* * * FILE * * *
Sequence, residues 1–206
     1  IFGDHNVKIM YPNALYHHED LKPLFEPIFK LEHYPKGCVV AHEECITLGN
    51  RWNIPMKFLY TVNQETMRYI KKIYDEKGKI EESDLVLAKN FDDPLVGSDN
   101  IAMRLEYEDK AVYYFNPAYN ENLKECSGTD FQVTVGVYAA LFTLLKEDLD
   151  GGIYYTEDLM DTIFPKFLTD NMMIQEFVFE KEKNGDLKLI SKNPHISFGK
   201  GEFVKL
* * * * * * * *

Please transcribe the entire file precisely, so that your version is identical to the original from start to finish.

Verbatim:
Sequence, residues 1–206
     1  IFGDHNVKIM YPNALYHHED LKPLFEPIFK LEHYPKGCVV AHEECITLGN
    51  RWNIPMKFLY TVNQETMRYI KKIYDEKGKI EESDLVLAKN FDDPLVGSDN
   101  IAMRLEYEDK AVYYFNPAYN ENLKECSGTD FQVTVGVYAA LFTLLKEDLD
   151  GGIYYTEDLM DTIFPKFLTD NMMIQEFVFE KEKNGDLKLI SKNPHISFGK
   201  GEFVKL